By Julie Gordon
OTTAWA (Reuters) - Spring flooding has killed one person and forced more than 1,500 people from their homes in Canada's Quebec province, with waters expected to continue rising Monday due to rising temperatures and more rain forecast for the coming days.
Aerial photos showed entire neighborhoods submerged, with television news broadcasting video of residents frantically piling sandbags around their homes to hold back swollen rivers.
An elderly woman died over the weekend after rising waters washed out the road she was driving on, according to media reports.
The federal government said it is providing disaster response to Quebec, including hundreds of Canadian Armed Forces already deployed to help with sandbagging and other efforts.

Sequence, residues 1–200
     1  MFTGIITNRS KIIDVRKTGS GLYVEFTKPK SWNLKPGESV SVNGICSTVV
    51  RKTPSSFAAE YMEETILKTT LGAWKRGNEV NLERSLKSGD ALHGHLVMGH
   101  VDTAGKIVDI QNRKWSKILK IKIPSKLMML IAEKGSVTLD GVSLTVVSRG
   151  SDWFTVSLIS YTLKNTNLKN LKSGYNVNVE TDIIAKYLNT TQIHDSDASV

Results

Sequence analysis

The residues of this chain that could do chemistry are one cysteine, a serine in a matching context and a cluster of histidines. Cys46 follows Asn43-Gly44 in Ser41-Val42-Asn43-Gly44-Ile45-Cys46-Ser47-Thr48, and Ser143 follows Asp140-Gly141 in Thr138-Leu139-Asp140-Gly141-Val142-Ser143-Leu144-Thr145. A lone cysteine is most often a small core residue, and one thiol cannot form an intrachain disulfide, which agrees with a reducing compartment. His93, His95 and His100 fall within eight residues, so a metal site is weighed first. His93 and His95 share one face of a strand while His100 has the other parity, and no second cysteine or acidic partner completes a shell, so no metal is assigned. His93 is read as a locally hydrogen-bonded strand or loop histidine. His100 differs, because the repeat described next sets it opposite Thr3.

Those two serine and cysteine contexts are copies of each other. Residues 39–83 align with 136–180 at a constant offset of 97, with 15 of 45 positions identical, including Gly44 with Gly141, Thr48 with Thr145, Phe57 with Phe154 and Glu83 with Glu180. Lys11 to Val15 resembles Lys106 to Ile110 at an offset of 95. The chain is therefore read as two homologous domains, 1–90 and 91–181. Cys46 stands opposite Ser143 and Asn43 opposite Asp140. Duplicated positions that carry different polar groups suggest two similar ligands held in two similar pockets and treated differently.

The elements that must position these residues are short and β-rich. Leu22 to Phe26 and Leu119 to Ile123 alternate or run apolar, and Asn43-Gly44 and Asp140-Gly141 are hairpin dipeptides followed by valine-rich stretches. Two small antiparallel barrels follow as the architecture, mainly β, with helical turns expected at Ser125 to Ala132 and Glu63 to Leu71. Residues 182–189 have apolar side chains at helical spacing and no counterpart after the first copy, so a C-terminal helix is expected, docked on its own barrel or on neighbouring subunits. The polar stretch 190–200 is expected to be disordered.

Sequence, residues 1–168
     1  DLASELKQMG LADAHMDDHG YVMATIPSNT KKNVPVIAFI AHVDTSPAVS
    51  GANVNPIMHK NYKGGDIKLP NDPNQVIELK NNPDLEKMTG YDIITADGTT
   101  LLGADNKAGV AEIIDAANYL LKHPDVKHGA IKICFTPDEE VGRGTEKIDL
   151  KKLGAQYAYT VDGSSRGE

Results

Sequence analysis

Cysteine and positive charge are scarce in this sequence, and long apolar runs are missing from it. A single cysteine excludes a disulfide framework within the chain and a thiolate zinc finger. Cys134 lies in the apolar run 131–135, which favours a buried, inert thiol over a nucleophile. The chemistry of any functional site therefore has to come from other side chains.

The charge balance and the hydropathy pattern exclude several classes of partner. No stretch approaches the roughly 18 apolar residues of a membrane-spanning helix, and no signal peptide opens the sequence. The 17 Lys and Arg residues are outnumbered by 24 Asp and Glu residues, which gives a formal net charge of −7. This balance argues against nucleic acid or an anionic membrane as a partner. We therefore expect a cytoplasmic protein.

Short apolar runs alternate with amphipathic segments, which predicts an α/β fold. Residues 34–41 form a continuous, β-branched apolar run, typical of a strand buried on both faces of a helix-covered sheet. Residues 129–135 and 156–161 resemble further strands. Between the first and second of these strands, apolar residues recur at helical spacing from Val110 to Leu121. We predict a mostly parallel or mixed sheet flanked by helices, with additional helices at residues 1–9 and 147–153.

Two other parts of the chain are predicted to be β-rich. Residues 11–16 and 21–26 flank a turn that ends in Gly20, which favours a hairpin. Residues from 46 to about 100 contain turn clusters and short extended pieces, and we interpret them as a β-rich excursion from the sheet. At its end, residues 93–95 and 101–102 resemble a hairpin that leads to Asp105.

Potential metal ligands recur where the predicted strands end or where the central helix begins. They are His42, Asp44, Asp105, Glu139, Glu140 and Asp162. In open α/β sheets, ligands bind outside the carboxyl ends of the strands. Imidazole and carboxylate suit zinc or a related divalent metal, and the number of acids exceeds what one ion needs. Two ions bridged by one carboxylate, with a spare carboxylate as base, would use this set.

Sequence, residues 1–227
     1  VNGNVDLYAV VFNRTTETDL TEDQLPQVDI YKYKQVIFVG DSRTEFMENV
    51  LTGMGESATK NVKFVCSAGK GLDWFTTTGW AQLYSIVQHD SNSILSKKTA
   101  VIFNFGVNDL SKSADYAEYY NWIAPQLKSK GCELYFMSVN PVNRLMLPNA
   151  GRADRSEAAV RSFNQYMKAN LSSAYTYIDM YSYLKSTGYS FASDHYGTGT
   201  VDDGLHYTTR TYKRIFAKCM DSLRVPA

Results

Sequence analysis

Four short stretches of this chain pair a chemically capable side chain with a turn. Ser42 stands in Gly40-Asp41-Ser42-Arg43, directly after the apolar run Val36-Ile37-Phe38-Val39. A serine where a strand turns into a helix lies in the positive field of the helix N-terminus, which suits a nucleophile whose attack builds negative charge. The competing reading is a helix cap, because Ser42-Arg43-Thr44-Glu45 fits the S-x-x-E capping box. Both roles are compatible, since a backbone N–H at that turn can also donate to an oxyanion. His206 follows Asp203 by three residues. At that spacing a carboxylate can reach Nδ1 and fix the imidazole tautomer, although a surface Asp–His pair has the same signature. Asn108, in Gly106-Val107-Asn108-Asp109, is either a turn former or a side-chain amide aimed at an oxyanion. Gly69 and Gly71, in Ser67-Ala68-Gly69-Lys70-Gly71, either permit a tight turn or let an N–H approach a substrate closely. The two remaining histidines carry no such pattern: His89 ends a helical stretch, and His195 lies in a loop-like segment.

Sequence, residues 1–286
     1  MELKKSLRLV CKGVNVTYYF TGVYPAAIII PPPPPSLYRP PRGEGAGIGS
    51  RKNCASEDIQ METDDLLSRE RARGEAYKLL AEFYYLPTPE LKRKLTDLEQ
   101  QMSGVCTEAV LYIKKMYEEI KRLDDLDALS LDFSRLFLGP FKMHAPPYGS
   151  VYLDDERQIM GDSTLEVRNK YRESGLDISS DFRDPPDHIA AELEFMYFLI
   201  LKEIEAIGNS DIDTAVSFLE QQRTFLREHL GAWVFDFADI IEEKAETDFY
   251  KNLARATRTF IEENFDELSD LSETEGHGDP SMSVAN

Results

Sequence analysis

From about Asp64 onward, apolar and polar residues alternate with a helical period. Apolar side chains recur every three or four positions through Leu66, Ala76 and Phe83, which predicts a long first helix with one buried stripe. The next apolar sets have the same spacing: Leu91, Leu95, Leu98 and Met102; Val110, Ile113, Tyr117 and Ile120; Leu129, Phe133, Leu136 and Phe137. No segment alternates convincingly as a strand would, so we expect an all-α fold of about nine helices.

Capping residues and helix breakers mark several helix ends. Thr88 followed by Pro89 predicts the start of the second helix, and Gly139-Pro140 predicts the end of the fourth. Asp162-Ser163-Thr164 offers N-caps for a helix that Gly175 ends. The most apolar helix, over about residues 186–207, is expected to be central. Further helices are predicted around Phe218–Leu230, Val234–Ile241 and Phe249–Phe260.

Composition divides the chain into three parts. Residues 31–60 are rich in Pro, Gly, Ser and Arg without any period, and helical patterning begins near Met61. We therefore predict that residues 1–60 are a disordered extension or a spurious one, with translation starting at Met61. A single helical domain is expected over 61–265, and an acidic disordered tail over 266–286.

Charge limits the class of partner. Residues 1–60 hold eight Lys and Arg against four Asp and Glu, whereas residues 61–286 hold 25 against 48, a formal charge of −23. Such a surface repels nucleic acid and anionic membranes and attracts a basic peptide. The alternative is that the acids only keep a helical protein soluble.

"Citizens can rest assured that help will be provided," said Canada's Public Safety Minister Ralph Goodale in a statement.
It is the second year of major flooding in the last three in Quebec, following massive spring floods in 2017 that caused more than C$230 million ($172 million) in insured damages in Quebec and neighboring Ontario.
A spokesman for Goodale said it was too soon to compare the scale of flooding to 2017, but noted that the frequency and severity of natural disasters has increased in Canada in recent years due to climate change.
The flooding has so far affected nearly 3,000 properties across Quebec, according to the Urgence Quebec website, including homes in the Montreal suburb of Laval and Gatineau, part of the Ottawa capital region.
Separate flooding in the east coast province of New Brunswick has also led to evacuations, though waters were expected to peak on Monday, according to local media reports.
($1 = 1.3350 Canadian dollars)
(Reporting by Julie Gordon in Ottawa; Editing by James Dalgleish)
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Updated Date: Apr 23, 2019 00:08:21 IST